Off Leash: Marines Conduct Controlled Aggression Training

Off Leash: Marines Conduct Controlled Aggression Training

U.S. Marine Cpl. William Perkins, acting as a simulated suspect and assigned to Special Purpose Marine Air Ground Task Force-Crisis Response-Central Command, Command Element wrestles with a military working dog during controlled aggression training in the Central Command area of operations, Dec. 28, 2014. The dogs and trainers conducted controlled aggression training, which is designed to teach them to apprehend and restrain a target rather than kill or seriously injure. Photo by Cpl. Carson Gramley.

U.S. CENTRAL COMMAND, UNDISCLOSED LOCATION -- Marines and working dogs with Law Enforcement Detachment, Command Element, Special Purpose Marine Air Ground Task Force-Crisis Response-Central Command, conducted controlled aggression training in the U.S. Central Command area of operations, Dec. 28, 2014. 

The training is intended to teach the working dogs to maintain a certain level of restraint and precision when they have to attack a target. The dogs are trained to attack only under necessary circumstances and with a level of force appropriate to the situation.

"Controlled aggression is being able to use that dog's natural ability to bite, [and training] them to use that to apprehend somebody," said Cpl Jacob Buck, a military working dog handler with LED, CE, SPMAGTF-CR-CC.

Buck explained how a dog's bite can save lives. For instance when on a patrol entering a compound and a suspect starts to run, dog handlers can send the dog to apprehend them, sparing Marines loaded down with gear from chasing them, said Buck.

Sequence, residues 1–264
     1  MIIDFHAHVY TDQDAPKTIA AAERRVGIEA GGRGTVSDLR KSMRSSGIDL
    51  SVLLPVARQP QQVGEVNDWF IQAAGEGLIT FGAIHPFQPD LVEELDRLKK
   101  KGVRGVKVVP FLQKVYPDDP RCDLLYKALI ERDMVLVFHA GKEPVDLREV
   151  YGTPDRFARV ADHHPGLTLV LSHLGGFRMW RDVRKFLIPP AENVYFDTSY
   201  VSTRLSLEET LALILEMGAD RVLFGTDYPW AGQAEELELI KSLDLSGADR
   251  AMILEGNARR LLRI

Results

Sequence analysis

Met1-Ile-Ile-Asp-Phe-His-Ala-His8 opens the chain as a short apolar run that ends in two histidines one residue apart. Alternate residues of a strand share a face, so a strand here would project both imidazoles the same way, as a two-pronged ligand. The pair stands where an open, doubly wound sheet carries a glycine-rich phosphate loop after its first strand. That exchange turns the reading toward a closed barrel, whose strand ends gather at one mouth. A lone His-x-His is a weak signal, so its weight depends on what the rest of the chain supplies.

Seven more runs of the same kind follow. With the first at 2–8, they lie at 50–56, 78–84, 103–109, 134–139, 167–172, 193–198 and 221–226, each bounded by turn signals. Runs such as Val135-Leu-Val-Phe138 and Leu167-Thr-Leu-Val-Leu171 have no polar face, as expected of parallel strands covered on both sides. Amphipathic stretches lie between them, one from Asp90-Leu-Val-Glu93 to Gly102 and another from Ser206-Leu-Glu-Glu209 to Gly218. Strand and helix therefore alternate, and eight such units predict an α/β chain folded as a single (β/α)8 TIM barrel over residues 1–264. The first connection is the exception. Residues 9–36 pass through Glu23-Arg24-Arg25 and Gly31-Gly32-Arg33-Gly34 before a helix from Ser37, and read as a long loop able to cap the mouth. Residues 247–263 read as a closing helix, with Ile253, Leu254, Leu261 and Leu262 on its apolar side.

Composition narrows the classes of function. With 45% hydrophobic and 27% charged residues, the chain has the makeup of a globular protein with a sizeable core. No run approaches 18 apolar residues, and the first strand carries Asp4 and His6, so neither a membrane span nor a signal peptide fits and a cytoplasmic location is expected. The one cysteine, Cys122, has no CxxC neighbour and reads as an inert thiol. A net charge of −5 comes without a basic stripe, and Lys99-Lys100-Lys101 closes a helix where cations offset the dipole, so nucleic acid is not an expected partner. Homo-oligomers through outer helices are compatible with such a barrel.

However, bite training and tactics aren't the only skills these dogs have to offer. 

Military working dogs can be trained in a number of different special skills, to include explosives detection, drugs and narcotics detection, and human tracking.

"Instead of having Marines possibly in harm's way and finding explosives on their own, we can find it first," said Sgt Samuel Harris, kennel master with LED, CE, SPMAGTF-CR-CC. "It's better to have one Marine and a dog at the explosive than five Marines standing around it, possibly tripping it."

The handlers expressed the important effect that explosive detection dogs can have on the mission.

"At this point in time, with the kind of war we've been fighting, explosive training is the most important thing. That's the unknown, and if we can find the unknown and continue to do that maybe we can save lives," said Harris.

Harris said the relationship between a working dog and their handler is much like the relationship a senior Marine would have with a junior Marine.

"You have to have patience, you can't just tell a dog what to do and it just goes and does it. You have to take the steps to train it properly to do what you want it to do," said Harris.
Buck said aside from the mentorship and training, it's nice to just have a dog around. 

"My favorite part of being a dog handler is the fact of having a dog around," said Buck. "You can be having a bad day or something like that, and the minute you see these dogs, it doesn't matter if you were just there five minutes ago or away for a month, they're so happy to see you."

Military working dogs and their handlers continue to train every day so they can continue to save lives and accomplish the mission at hand.

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